for resources can also lead to sexual dimorphism with
females being ornamented, as in Eclectus parrots [32], or
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Box 3. Pterosaur crests
Pterosaurs are an extinct group of flying reptiles closely related to
dinosaurs. Pterosaur taxa, distributed right across the long Mesozoic
history of the group, possess cranial crests. Some are composed
entirely of bone, others entirely of soft tissues, and yet others involve
soft-tissue components that grew on top of a bony core. Various
functions have been proposed for pterosaur crests, including
thermoregulation [75], as ‘rudders’ or ‘sails’ used in flight [76], and
as a display feature. Two taxa (Darwinopterus modularis and
Pteranodon longiceps) are of special interest in the context of sexual
Darwinopterus is a small pterosaur from the Middle Jurassic of
China, known from numerous specimens. Some individuals are
crestless, whereas others possess bony crest located along the
midline of the skull, which was probably associated with soft tissues
that enlarged crest size substantially in life [77]. Crested specimens
have a proportionally smaller pelvis and ventrally fused pelvic
elements, whereas crestless specimens have an unfused, wider
pelvis [78]. Furthermore, one crestless specimen has a pterosaurian
egg preserved in close association with its pelvis and so is clearly a
female [78]. Sexual dimorphism is clearly present: males have smaller
pelves and cranial crests, and females have wider pelves but crestless
heads (Figure I).
Similar dimorphism has also been documented in Pteranodon, a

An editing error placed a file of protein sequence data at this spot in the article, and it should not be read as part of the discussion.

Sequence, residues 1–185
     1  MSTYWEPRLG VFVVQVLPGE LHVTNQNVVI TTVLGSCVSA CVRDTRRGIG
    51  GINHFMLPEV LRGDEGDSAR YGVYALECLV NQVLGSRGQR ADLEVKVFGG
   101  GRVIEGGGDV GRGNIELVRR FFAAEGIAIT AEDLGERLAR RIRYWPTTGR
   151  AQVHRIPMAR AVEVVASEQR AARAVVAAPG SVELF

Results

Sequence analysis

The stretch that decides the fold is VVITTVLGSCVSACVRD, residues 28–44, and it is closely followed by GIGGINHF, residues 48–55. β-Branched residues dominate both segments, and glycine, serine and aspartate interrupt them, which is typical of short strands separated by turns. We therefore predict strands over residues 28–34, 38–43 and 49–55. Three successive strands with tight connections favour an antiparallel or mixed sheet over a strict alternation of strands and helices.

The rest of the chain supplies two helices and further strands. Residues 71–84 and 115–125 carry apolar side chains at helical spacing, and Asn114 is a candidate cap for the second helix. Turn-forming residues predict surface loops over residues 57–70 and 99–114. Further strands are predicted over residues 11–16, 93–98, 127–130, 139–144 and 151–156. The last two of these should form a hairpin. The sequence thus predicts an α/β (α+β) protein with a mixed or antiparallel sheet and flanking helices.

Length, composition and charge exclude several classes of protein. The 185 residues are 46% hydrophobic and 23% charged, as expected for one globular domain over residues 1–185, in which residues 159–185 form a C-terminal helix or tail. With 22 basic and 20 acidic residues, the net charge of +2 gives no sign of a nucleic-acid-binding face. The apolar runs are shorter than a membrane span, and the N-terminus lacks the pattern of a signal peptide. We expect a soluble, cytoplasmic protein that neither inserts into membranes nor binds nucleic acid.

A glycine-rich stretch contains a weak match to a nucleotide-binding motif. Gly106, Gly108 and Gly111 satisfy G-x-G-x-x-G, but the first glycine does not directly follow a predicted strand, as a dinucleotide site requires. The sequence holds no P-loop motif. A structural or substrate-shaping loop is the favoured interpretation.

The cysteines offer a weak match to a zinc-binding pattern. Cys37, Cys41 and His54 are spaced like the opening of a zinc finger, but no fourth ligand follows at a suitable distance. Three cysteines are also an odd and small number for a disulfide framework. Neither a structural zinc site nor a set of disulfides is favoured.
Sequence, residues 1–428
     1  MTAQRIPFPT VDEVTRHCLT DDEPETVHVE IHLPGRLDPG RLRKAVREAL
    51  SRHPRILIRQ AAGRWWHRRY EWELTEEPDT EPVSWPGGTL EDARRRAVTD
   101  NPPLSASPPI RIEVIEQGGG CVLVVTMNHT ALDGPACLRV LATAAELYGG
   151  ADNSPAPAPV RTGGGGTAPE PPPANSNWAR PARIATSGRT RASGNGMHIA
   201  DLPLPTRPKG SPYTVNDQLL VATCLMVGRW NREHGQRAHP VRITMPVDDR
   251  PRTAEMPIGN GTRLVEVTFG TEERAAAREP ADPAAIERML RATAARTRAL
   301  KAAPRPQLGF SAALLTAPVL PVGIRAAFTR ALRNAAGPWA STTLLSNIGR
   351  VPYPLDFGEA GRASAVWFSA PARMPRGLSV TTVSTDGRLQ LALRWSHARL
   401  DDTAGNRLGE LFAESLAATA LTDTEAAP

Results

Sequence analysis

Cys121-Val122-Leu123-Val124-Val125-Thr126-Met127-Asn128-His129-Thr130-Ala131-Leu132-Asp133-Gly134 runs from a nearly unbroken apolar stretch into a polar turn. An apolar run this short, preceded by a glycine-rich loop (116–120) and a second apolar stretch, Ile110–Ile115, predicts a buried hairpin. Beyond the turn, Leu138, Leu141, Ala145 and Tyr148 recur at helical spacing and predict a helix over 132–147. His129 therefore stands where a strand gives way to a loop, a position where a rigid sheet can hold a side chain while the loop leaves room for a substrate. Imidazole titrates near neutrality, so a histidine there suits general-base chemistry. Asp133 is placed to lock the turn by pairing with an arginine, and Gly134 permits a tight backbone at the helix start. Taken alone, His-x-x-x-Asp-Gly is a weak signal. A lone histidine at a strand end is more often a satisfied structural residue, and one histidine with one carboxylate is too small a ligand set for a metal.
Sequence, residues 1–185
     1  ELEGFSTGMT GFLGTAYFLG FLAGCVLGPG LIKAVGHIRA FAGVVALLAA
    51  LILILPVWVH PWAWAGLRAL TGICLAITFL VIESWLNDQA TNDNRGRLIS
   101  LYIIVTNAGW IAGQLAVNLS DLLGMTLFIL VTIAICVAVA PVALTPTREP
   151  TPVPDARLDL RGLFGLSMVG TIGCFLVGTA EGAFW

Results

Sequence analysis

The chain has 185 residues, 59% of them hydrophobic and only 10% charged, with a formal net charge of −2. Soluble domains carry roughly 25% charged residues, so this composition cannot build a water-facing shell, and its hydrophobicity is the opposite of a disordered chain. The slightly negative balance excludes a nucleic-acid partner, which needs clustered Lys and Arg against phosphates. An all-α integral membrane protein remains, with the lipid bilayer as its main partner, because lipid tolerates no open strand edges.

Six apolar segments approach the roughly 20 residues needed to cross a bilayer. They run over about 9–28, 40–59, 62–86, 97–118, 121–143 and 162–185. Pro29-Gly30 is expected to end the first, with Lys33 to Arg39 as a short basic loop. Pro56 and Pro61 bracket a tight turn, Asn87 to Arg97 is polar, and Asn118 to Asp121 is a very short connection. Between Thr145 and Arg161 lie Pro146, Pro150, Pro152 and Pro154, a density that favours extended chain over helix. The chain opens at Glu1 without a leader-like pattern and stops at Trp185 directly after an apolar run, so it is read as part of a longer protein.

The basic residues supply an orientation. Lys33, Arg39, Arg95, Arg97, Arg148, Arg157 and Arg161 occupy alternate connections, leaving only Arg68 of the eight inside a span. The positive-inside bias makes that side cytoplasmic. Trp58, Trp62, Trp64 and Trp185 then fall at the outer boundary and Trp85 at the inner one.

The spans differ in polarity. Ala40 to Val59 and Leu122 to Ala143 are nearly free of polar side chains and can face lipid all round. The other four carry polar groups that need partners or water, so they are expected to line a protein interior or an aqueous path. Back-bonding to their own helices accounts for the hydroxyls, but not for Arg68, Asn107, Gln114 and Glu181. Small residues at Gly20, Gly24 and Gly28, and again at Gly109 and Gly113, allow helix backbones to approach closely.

large, Late Cretaceous pterosaur from North America. Again, putative
males are larger with a narrower pelvis; although both sexes have
cranial crests, those of the males are considerably larger than those of
the females [38,79]. Wind tunnel tests on model heads have shown no
significant mechanical benefit to such structures [80]. Furthermore,
crests were positively allometric, such that larger specimens had
relatively much larger crests [7].
Therefore, evidence from two taxa strongly suggests that sexual
selection was influencing cranial crest form in at least some pterosaur
lineages. In Darwinopterus, clear evidence allows one specimen to be
identified as female. The crests are sexually dimorphic, other features
of the animals are sexually dimorphic, and, in Pteranodon, the male is
larger overall. In Pteranodon at least there is evidence for positive
allometry and no support for tested mechanical hypotheses. In the
absence of any obvious modern analogues to explain cranial crest form
in these animals, the traits are best explained as signalling structures,
chiefly selected for by sexual selection operating on males.
TRENDS in Ecology & Evolution
Figure I. Sexual dimorphism in pterosaurs. (a) Female specimen of the pterosaur Darwinopterus preserved with an egg (arrowed) immediately outside the cloaca and
(b) life reconstruction of the sexually dimorphic adult Darwinopterus showing the crested male and uncrested female (right). Photograph reproduced, with permission,
from Lü Junchang and reconstruction reproduced, with permission, from Mark Witton.
carrying weapons, as is the case in the dung beetle Onthophagus sagittarius [33]. The extreme sexual dimorphism
(manifested as male dwarfism) present in some clades,
such as spiders and echiuran worms, has yet to be convincingly explained and ecological factors might play a more
important role than sexual selection [34]. Dimorphic structures can also be indicative of different functions, as is the
case in some extant bovids, where male horns are specialised for intraspecific dominance contests whereas female
horns are better suited for antipredator defence [35].
Nonetheless, in the great majority of cases, sexual
dimorphism in terms of either size or the exaggeration
of one or more physical traits is likely to indicate a role in
sexual selection. In those cases where sexual dimorphism
can be identified in palaeontological material, sexual selection is best regarded as the default hypothesis. While
evidence for sexual dimorphism can cautiously be regarded
as prima facie evidence for sexual selection, however, a
failure to detect it does not rule out the presence of sexual
selection. Identifying sexual dimorphism in animals
known only as fossils is often difficult: specimens of a
particular species are sometimes rare, unique, or unavailable, and reliably identifying sex in fossils is often difficult